And Ferdinand, her brother, found a wife,

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Hast thou no mouth by land? What is the news? Boats. The best news is, that we have safely found

Our king, and company: the next our ship,-
Which, but three glasses since, we gave out split,-
Is tight, and yare, and bravely rigg'd, as when
We first put out to sea.

Aside.

Ari. Sir, all this service
Have I done since I went.
Pro. My tricksy spirit!
Alon. These are not natural events; they
strengthen,
[ther?
From strange to stranger :-Say, how came you
Boats. If I did think, sir, I were well awake,
I'd strive to tell you. We were dead of sleep,
And (how, we know not,) all clapp'd under hatches,
Where, but even now, with strange and several
noises

Of roaring, shrieking, howling, gingling chains,
And more diversity of sounds, all horrible,
We were awak'd; straightway, at liberty:
Where we, in all her trim, freshly beheld
Our royal, good, and gallant ship; our master
Capering to eye her: On a trice, so please you,
Even in a dream, were we divided from them,
And were brought moping hither.

Ari. Was't well done?

Pro. Bravely, my diligence. Thou

shalt be free.

+}

Aside.

And deal in her command, without her power:
These three have robb'd me; and this demi-devil
(For he's a bastard one,) had plotted with them
To take my life: two of these fellows you
Must know, and own; this thing of darkness I
Acknowledge mine.

Ca!. I shall be pinch'd to death.

Alen. Is not this Stephano, my drunken butler?
Seb. He is drunk now: where had he wine?
Alon. And Trinculo is reeling ripe: Where
should they

Find this grand liquor that hath gilded them ?—
How cam'st thou in this pickle ?

Trin. I have been in such a pickle, since I saw you last, that, I fear me, will never out of my bones: I shall not fear fly-blowing.

Seb. Why, how now, Stephano?
[cramp.
Ste. O, touch me not; I am not Stephano, but a
Pro. You'd be king of the isle, sirrah?

Ste. I should have been a sore one then.

on.

Al. This is as strange a thing as e'er I look'd
[Pointing to Caliban.
Pro. He is as disproportion'd in his manners,
As in his shape :-Go, sirrah, to my cell;
Take with you your companions; as you look
To have my pardon, trim it handsomely.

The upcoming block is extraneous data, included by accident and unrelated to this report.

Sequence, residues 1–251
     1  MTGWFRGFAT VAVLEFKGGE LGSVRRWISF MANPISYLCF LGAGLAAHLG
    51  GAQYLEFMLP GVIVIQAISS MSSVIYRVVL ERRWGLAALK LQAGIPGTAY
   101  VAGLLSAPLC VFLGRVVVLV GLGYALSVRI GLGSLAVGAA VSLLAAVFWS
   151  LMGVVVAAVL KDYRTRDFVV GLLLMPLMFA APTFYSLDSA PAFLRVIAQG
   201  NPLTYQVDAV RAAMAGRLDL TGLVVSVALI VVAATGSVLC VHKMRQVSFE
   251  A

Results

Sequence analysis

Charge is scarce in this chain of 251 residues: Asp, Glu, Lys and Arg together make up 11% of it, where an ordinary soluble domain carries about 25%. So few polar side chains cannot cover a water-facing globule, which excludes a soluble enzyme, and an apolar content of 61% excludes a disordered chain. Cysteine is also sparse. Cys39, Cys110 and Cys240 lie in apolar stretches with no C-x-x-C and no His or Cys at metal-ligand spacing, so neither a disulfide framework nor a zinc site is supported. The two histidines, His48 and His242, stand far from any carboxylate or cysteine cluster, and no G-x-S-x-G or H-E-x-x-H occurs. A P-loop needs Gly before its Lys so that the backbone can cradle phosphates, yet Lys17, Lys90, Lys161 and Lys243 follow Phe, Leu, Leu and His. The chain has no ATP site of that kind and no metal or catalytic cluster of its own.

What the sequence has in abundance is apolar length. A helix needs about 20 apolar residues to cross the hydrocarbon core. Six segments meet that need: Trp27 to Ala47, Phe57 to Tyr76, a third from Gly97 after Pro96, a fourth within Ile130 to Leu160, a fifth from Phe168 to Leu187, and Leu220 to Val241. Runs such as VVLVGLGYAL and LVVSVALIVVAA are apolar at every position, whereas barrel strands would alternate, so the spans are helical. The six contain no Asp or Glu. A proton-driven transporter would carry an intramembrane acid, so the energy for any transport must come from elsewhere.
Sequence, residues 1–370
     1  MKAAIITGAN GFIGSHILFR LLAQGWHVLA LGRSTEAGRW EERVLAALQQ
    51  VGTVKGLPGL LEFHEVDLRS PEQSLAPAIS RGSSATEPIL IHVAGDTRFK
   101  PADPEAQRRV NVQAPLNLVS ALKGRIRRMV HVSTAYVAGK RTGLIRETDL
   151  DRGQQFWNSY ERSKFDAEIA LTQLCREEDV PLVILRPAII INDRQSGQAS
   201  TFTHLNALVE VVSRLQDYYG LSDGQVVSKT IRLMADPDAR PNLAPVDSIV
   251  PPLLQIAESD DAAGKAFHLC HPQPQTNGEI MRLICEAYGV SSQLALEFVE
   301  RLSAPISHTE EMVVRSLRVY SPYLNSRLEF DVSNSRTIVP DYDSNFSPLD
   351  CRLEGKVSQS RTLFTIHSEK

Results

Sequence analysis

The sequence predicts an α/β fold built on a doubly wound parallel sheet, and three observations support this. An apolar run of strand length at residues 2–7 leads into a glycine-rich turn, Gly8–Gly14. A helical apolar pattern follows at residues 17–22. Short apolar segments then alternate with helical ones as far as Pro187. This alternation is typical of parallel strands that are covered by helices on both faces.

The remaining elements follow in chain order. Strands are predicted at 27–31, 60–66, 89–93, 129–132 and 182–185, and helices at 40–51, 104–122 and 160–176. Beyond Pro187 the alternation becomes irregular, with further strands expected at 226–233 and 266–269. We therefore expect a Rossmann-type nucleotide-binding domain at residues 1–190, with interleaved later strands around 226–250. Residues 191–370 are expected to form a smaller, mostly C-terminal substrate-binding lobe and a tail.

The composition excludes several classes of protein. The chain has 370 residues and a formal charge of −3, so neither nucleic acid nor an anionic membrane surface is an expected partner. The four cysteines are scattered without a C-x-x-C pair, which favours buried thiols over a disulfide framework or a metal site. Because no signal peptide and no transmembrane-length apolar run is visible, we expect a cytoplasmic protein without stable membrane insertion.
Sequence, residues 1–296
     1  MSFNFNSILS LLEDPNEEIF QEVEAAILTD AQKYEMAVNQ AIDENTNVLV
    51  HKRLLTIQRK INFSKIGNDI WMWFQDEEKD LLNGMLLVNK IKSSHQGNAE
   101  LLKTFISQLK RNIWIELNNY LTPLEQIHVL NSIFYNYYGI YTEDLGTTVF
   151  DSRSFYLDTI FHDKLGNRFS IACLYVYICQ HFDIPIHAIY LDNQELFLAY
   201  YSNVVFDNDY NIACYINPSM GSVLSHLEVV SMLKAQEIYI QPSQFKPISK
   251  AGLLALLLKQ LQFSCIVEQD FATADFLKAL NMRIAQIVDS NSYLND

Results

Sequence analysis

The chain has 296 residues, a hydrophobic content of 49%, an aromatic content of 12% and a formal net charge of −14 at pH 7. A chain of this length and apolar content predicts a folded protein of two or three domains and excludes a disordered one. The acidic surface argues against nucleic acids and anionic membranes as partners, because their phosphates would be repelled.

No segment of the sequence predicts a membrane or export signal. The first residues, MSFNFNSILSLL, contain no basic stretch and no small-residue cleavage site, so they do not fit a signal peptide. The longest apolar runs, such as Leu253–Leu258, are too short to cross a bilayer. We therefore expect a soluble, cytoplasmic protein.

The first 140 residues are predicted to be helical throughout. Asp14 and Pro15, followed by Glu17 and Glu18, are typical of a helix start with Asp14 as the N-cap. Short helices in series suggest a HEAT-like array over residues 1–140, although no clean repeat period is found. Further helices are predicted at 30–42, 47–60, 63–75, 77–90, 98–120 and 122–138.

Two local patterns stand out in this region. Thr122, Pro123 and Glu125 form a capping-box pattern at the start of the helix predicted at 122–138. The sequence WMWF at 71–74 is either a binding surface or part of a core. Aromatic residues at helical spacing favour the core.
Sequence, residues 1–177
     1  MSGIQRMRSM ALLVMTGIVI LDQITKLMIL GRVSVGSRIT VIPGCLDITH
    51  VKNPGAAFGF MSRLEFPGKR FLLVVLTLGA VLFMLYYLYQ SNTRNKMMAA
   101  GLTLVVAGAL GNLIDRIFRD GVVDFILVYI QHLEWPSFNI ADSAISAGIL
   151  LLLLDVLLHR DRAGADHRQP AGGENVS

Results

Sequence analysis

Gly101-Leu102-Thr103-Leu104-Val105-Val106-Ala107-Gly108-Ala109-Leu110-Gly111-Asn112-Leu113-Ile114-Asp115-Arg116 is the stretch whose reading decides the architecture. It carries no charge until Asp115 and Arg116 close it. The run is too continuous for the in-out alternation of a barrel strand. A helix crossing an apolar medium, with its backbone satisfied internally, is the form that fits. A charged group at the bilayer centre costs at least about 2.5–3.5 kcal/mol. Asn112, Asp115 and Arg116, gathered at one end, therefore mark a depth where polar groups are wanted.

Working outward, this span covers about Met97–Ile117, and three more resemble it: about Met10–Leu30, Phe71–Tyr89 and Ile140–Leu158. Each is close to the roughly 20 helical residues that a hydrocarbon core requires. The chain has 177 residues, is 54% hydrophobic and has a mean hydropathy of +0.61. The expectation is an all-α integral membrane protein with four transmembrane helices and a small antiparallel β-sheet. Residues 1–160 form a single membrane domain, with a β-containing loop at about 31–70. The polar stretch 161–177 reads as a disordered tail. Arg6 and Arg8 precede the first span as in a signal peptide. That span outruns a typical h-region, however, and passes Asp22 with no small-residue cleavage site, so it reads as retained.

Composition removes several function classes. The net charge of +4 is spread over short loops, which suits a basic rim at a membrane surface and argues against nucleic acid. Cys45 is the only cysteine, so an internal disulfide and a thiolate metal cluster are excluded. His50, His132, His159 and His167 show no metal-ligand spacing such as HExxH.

Cal. Ay, that I will; and I'll be wise hereafter,
hi-And seek for grace: What a thrice-double ass
Was I, to take this drunkard for a god,
And worship this dull fool?

Alon. This is as strange a maze as e'er men trod And there is in this business more than nature Was ever conduct of: some oracle Must rectify our knowledge.

Pro. Sir, my liege,

Do not infest your mind with heating on

The strangeness of this business: at pick'd leisure, Which shall be shortly, single I'll resolve you (Which to you shall seem probable,) of every

Pro. Go to; away!

Alon. Hence, and bestow your luggage where you found it.

Seb. Or stole it, rather.

[Exeunt Cal. Ste. and Trin.
Pro. Sir, I invite your highness, and your train,
To my poor cell where you shall take your rest
For this one night; which (part of it,) I'll waste
With such discourse, as, I not doubt, shall make it
Go quick away: the story of my life,
And the particular accidents, gone by,
Since I came to this isle: And in the morn,
I'll bring you to your ship, and so to Naples
Where I have hope to see the nuptial

Of these our dear-beloved solemniz'd;
And thence retire me to my Milan, where
Every third thought shall be my grave.
Alen. I long

To hear the story of your life, which must
Take the ear strangely.

Pro. I'll deliver all ;

And promise you calm seas, auspicious gales, And sail so expeditious, that shall catch

These happen'd accidents: till when, be cheerful,Your royal fleet far off.-My Ariel ;-chick,And think of each thing well. Come hither, That is thy charge; then to the elements [Aside. Be free, and fare thou well!-[Aside.] Please you

spirit;

Set Caliban and his companions free :
Untie the spell. [Exit Ariel.] How fares my gra-

cious sir?

There are yet missing of your company
Some few odd lads that you remember not.

Re-enter Ariel, driving in Caliban, Stephano, and.
Trinculo, in their stolen apparel.

Ste. Every man shift for all the rest, and let no man take care for himself; for all is but fortune :Coragio, bully-monster, Coragio!

Trin. If these be true spies which I wear in my head, here's a goodly sight.